After the starting of the Huawei ban, most companies have suspended supplies to Huawei, because products with American technology must apply for a specific supply license from the United States.
For example, Kioxia suspended the supply of flash memory chips to Huawei, Mitsubishi Electric suspended the supply of optical semiconductor devices, Renesas suspended the supply of amplifiers, and Toshiba suspended the supply of hard disks.
At present, Sony has also suspended the provision of image CMOS sensors to Huawei. Before that, most of Huawei’s high-end flagship devices used image sensors provided by Sony.
Supplying products to Huawei allows Sony to earn US$1 billion in revenue each year, so it will also cause losses to Sony if it cannot supply Huawei.
According to media reports, Sony is considering applying for a license to continue to supply Huawei. If it can obtain approval from the US Department of Commerce, the impact can be minimized.
At the same time, Sony will also expand its diversified customers to make up for the negative impact of its inability to supply Huawei. Sony earns billions of dollars in revenue from Huawei every year.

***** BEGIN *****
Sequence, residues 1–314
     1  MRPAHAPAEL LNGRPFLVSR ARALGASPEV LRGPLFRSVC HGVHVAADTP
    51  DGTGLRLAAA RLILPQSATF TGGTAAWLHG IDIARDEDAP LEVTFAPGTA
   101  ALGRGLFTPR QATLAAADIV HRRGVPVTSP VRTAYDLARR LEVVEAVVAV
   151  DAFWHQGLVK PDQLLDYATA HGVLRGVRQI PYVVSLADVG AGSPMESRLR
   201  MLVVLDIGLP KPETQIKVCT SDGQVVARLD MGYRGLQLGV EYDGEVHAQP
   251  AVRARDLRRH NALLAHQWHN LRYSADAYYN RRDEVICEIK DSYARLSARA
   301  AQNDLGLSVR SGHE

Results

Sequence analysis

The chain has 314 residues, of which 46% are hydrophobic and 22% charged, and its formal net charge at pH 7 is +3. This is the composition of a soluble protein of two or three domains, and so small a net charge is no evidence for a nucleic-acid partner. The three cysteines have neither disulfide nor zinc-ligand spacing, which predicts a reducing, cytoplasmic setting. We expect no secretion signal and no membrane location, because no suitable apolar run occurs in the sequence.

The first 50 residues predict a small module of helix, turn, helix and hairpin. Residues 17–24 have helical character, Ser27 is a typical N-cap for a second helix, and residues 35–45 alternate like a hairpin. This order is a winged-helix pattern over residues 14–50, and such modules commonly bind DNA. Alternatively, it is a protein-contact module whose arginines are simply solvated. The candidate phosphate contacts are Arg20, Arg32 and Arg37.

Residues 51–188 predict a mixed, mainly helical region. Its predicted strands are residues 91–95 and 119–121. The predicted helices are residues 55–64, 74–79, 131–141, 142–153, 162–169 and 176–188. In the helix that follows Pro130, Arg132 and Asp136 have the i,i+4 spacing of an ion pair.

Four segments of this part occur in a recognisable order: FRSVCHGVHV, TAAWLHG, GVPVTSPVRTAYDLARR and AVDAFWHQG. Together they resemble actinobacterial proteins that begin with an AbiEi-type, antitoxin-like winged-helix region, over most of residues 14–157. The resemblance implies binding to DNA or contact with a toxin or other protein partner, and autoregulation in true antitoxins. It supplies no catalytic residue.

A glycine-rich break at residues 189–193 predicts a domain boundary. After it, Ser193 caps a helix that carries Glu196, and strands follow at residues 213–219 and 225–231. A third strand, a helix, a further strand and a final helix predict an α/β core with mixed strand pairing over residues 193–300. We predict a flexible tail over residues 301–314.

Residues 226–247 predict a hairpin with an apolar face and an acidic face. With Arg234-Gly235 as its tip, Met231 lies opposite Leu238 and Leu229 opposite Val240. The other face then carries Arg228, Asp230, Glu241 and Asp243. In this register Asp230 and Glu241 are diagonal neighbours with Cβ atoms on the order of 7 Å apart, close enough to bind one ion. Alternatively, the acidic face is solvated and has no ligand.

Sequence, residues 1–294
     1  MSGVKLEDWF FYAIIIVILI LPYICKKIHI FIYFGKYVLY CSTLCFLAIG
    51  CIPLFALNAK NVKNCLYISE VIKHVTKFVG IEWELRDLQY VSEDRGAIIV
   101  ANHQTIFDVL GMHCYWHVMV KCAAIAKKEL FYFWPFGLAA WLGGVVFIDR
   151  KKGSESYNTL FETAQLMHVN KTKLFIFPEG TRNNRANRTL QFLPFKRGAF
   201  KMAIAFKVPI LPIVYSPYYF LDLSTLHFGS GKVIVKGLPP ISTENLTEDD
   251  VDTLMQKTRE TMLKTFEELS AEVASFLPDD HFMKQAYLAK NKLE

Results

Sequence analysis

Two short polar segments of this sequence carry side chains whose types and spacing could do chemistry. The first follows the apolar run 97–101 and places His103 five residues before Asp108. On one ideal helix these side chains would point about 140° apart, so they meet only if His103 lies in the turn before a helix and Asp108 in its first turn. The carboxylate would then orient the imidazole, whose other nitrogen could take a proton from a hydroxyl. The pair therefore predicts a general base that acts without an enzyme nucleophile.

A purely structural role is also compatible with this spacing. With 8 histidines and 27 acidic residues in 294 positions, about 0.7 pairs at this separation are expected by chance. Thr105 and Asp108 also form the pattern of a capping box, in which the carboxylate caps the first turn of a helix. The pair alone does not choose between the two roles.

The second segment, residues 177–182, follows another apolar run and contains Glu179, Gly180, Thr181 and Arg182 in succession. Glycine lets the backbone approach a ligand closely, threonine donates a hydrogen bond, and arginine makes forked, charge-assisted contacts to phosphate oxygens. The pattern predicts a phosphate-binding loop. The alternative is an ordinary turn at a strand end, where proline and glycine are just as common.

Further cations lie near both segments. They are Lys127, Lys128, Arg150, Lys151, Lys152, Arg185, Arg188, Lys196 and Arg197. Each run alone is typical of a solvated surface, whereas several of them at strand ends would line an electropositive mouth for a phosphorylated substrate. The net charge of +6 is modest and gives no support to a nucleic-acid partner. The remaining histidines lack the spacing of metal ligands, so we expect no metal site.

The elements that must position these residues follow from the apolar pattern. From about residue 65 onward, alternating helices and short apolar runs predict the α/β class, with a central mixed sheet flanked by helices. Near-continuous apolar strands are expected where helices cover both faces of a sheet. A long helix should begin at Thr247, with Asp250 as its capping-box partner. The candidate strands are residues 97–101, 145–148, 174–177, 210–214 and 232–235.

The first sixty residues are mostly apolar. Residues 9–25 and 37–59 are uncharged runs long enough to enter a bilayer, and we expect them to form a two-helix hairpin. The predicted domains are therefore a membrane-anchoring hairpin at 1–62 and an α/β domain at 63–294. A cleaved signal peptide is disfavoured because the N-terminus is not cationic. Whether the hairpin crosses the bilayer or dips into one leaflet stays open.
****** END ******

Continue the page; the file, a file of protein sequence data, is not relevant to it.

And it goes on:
In response to potential negative effects, Sony has cut capital expenditures of US$470 million, which will help Sony stabilize its performance and avoid instability in subsequent financial reports.
The report also claims that Japanese companies play an important role in Huawei’s global supply chain. In 2019 alone, Huawei brought Japanese companies up to 10.4 billion U.S. dollars in revenue.
Of course, some people in the industry say that most companies are currently suspending supply based on sound considerations. These companies may need more time to review their product technology.
After all, continuing to supply Huawei without a thorough review may step on mines, and the consequence of stepping on mines is that they may also be sanctioned by the United States and cause more serious economic losses.